Detecting oral cancer early can nearly double your chances of survival. Approximately 3 per cent of all cancers diagnosed in 2015 involved the mouth or back of the throat.
April is oral cancer awareness month and the Oral Cancer Foundation would like to invite you to join them in their national screening campaign to end oral cancer. The Oral Cancer Foundation estimates that approximately 48,250 Americans will be newly diagnosed with oral cancer this year.
Cancer can affect any part of the oral cavity, including the lips, tongue, mouth or throat. There are two kinds of oral cancer: oral cavity cancer and oropharyngeal cancer, and often the earliest signs are missed or mistaken for other problems such as a toothache or cold. Oral cancer is not rare, and screening should be considered just as important as testing for cervical, prostate and breast cancer.
Oral cancer has the lowest survival rate because it is typically painless in its early stages and goes unnoticed by the sufferer until it spreads, leading to chronic pain and sometimes loss of function before it is diagnosed. However, the good news is that in many cases, your physician or dentist can see or feel tissue changes or the actual cancer while it is still very small or in its earliest stages.
The Oral Cancer Foundation sites the following simple facts:
- One hundred people in the US will be diagnosed with oral cancer every day;
- One person every hour of the day will die from oral cancer.
- The likelihood of developing oral cancer increases with age and is diagnosed most often in adults between the ages of 55 and 64, but is now occurring more frequently in those under this age.
- Men tend to be at greater risk for oral cancer than women.
- Tobacco use accounts for most oral cancers. Smoking cigarettes, cigars or pipes, and chewing tobacco are all linked to oral cancer.
- People who drink alcohol (more than four drinks a day) are more likely to develop oral cancer than those who don’t.
- Spending long periods in the sun has been associated with lip cancer. Using a lotion or lip balm that has a sunscreen can reduce the risk.
- Human papilloma virus (HPV), which is sexually transmitted.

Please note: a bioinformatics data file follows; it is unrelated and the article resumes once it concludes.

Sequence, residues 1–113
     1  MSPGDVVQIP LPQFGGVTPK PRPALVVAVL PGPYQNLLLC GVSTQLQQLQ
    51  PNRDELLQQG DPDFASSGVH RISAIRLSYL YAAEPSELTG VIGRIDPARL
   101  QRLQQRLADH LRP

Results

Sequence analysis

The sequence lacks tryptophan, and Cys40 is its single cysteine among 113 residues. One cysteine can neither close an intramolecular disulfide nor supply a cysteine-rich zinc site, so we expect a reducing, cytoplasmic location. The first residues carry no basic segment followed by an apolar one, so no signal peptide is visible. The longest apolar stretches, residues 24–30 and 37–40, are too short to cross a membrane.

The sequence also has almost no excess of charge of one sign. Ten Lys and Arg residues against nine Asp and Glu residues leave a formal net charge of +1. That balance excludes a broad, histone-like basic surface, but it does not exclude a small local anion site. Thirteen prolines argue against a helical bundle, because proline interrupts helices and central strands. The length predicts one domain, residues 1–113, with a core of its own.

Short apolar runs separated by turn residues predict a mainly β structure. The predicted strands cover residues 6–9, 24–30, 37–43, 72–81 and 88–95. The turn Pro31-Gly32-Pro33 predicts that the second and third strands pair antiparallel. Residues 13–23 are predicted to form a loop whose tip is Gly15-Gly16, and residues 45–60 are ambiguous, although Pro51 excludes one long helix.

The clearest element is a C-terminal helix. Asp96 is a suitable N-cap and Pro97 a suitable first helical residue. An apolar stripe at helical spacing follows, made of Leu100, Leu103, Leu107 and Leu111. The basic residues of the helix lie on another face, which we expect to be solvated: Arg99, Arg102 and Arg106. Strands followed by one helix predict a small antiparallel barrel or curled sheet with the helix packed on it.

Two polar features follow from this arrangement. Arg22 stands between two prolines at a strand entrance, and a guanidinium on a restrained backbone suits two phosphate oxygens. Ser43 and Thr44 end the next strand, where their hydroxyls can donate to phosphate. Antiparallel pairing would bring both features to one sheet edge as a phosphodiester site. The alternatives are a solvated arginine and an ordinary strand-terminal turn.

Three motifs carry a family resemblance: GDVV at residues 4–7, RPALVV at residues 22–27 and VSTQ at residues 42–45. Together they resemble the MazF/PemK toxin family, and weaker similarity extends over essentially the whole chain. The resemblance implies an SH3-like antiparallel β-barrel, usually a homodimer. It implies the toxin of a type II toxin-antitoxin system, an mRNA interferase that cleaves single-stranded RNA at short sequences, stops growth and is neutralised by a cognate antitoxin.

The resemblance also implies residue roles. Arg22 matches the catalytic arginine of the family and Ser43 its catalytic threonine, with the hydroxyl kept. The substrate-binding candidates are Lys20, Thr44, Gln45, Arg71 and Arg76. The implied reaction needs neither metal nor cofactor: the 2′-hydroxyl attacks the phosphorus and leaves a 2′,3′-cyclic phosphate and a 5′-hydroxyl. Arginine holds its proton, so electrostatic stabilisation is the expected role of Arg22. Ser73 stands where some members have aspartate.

- Eating a diet low in fruits and vegetables is associated with an increased risk of developing oral cancer.
Some of the most common symptoms and signs of oral cancer include:
- White or red (or a mixture) patches inside the mouth or on the lips
- Non-healing mouth/lip sore
- Bleeding in the mouth
- High degree of tooth mobility
- Difficulty or pain when swallowing, chewing, speaking or moving the jaw or tongue
- Jaw swelling that leads to ill-fitting dentures
- A lump or growth in the throat or neck
- Pain, tenderness or numbness on the lips, tongue or elsewhere in the mouth
- Hoarseness or other changes in voice
- Cough or sore throat that will not go away, or the feeling that something is caught in the throat that does not go away
Anyone with these symptoms should see their doctor or dentist so that any problems can be diagnosed and treated as early as possible. Most often, these symptoms do not mean cancer. An infection or another problem can cause the same symptoms. If you have symptoms that suggest oral cancer, request an examination and/or screening from your doctor or dentist. The screening is usually quick and painless.
Your doctor or dentist may refer you to a specialist. Specialists who treat oral cancer include oral and maxillofacial surgeons, otolaryngologists, medical oncologists, ear, nose & throat physicians, and plastic surgeons. Treatment options would depend on the cancer’s stage of development. Patients treated in their early stages may have little in the way of post-treatment disfigurement. For those whose cancer is caught at a later stage, it can lead to facial and oral disfigurement after surgery. Surgery can include removal of a portion of the tongue, jaw or facial features. It is important to detect oral cancer as early as possible when it can be treated more successfully and increase chances of recovery.
If you think you may be at risk, you should discuss this with your doctor or dentist and remember to ask about oral cancer screening at your next visit to the dentist. Most people receive oral cancer screening during their regular dental check-up but do not realise it. Make oral cancer screening part of all of your regular yearly check-ups.